Engine sizes were increased in quick succession to 1.5, 1.6 and 1.9-litres in four-cylinder form. A six-cylinder 2.9-litre was introduced in 1938 giving improved straight-line acceleration, although at the detriment to handling. Upgraded rack and pinion steering as well as improved suspension made an appearance in 1936, however it’s worth noting that steering is relatively heavy at parking speeds on all models. These days, there are specialists that offer power steering conversions. 

Numerous body styles were offered alongside the standard four-door saloon, including a two-door sedan and coupe, two-door convertible and the first ever five-door hatchback. There was even a longer length ‘Familiale’ version with seating for 9. The Traction Avant was known as the 7CV, 11CV and 15CV in France as well as receiving different names in England with the 11CV renamed the 15HP and 15CV called the ‘Big Six’. 

All cars had a three-speed manual transmission and shared similar underpinnings, except for the 1954 15H model, which had an early version of the advanced hydropneumatic suspension ahead of its use in the replacement DS models.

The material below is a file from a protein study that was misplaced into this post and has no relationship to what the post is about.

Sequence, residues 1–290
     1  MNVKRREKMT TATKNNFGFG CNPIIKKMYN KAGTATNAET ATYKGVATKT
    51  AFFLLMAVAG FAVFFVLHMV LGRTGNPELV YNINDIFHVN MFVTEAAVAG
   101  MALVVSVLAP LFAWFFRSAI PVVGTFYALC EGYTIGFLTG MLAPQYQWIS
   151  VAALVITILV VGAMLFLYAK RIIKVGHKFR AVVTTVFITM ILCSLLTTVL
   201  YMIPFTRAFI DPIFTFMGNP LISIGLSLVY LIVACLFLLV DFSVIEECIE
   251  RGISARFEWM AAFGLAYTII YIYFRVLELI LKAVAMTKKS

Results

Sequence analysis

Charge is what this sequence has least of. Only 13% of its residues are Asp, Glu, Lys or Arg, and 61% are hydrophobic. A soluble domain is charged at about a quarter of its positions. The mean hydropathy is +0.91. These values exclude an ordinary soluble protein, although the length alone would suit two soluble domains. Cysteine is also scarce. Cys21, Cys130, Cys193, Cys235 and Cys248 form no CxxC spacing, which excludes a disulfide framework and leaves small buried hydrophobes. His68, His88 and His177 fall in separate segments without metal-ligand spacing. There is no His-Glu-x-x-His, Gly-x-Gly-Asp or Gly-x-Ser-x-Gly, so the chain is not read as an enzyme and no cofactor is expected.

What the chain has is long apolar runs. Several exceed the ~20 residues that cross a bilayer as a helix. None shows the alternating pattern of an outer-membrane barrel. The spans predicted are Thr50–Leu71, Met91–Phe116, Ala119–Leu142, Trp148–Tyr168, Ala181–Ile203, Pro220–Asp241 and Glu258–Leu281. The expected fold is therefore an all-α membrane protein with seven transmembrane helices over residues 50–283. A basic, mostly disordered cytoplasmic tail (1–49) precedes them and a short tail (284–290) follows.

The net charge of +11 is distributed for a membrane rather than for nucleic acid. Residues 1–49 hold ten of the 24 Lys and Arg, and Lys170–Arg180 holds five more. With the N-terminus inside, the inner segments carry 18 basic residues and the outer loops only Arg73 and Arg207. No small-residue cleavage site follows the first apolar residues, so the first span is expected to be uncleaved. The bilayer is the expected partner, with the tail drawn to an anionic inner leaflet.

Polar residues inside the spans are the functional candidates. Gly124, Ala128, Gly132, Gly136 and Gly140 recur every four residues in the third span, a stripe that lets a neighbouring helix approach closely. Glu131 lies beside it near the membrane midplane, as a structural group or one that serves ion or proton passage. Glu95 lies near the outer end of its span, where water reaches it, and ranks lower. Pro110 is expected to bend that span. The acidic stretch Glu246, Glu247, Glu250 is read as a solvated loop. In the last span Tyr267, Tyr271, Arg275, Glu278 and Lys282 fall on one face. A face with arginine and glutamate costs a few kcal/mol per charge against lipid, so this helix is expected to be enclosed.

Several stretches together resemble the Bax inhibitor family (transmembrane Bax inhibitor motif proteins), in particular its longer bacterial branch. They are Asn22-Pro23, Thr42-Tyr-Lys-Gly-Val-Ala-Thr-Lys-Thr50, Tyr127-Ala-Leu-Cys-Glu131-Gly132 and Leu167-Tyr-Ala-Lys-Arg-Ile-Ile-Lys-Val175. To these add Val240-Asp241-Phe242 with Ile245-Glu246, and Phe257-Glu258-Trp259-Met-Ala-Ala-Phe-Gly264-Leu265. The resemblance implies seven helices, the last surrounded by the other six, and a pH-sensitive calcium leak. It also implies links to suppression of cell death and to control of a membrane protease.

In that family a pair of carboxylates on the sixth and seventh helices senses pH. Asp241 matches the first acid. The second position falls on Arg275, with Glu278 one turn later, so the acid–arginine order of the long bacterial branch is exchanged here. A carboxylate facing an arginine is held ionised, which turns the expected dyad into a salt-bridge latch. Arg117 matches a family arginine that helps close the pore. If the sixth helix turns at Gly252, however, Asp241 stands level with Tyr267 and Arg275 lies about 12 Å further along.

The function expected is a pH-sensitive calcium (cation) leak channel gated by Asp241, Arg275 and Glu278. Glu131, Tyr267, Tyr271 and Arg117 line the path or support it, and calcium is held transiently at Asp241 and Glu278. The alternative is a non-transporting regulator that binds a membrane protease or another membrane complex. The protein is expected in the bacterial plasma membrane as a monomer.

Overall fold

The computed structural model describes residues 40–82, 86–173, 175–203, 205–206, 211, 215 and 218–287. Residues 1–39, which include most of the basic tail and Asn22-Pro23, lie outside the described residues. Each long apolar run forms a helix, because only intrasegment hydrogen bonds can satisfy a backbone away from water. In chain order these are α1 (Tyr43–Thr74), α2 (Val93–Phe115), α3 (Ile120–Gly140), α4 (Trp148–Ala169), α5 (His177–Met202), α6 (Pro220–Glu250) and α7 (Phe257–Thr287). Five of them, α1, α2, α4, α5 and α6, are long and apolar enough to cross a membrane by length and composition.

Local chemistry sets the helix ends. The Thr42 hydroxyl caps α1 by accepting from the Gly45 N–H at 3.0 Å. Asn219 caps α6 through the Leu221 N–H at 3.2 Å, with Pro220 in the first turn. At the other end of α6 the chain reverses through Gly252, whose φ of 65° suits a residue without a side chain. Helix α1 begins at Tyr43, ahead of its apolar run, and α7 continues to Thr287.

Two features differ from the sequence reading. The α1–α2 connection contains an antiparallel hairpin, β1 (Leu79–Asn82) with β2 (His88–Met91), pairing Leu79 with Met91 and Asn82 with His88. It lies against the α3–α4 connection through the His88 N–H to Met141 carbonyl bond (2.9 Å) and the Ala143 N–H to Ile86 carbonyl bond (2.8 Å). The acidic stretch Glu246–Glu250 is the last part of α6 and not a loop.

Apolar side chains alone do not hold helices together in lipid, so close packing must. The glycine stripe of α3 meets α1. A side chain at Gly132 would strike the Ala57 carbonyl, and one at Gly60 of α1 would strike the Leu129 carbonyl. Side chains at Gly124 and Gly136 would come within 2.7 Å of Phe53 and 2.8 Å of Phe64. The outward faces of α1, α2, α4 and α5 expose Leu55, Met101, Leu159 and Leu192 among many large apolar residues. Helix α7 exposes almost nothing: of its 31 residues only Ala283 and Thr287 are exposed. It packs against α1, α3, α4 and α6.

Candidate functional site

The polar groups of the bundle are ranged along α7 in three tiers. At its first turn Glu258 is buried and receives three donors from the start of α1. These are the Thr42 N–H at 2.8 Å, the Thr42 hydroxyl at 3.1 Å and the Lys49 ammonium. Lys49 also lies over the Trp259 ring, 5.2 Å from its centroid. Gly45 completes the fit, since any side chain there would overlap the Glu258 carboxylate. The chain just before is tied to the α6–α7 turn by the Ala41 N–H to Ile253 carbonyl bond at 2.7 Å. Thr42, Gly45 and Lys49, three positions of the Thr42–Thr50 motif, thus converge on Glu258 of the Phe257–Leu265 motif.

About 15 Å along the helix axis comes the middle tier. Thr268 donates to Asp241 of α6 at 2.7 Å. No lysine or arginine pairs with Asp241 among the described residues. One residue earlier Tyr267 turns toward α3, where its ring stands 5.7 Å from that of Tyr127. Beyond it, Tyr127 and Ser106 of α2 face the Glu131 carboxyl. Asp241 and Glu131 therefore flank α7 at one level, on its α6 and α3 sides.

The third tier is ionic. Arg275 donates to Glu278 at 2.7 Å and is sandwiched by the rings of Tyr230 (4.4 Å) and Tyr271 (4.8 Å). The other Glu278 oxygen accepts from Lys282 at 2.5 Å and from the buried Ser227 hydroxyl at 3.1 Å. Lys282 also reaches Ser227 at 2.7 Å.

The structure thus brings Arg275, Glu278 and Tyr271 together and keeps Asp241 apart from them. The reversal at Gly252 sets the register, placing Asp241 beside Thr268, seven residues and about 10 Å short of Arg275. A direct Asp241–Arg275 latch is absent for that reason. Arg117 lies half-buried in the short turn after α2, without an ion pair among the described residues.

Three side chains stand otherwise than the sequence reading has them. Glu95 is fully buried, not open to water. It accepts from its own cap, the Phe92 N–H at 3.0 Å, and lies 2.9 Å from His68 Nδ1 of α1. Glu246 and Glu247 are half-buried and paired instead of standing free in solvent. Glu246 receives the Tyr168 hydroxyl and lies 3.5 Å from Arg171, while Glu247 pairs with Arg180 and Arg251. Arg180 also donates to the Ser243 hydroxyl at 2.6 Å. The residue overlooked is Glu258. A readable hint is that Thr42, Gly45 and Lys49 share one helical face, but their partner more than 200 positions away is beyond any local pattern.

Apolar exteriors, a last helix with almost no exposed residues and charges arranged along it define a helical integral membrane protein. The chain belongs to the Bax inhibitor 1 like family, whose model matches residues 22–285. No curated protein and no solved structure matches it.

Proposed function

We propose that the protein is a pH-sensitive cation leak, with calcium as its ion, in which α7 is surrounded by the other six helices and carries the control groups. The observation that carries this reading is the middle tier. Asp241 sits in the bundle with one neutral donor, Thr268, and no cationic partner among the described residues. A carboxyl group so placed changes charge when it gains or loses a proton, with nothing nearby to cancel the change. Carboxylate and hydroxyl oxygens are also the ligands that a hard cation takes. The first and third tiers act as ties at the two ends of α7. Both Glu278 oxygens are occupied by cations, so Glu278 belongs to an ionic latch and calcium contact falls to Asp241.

Right-hand drive models were built in Slough including a lower spec 11L model. Post World War 2 these were the only models initially available, offered in black paint with grey interior upholstery. Soon more models reappeared, however it is the pre-war cars that are the most sought after today. 

With such a diverse range available, you really are spoilt for choice. Availability of the rarer cars is limited to auctions and a few private sales, while the more common four-door variants can be found at a number of classic car specialists for very reasonable prices.

Performance and specs

Citroen 11CV 
Engine 1911cc 8valve OHV I4 
Power 55 bhp 
Torque 88lb ft 
Top speed 73mph 
0-60mph 27 seconds 
Fuel consumption 19 mpg 
Gearbox Three-speed manual
 
Dimensions and weight
 
Wheelbase 3090mm
Length 4450mm
Width 1760mm
Height 1560mm
Weight 1110kg
 
Common problems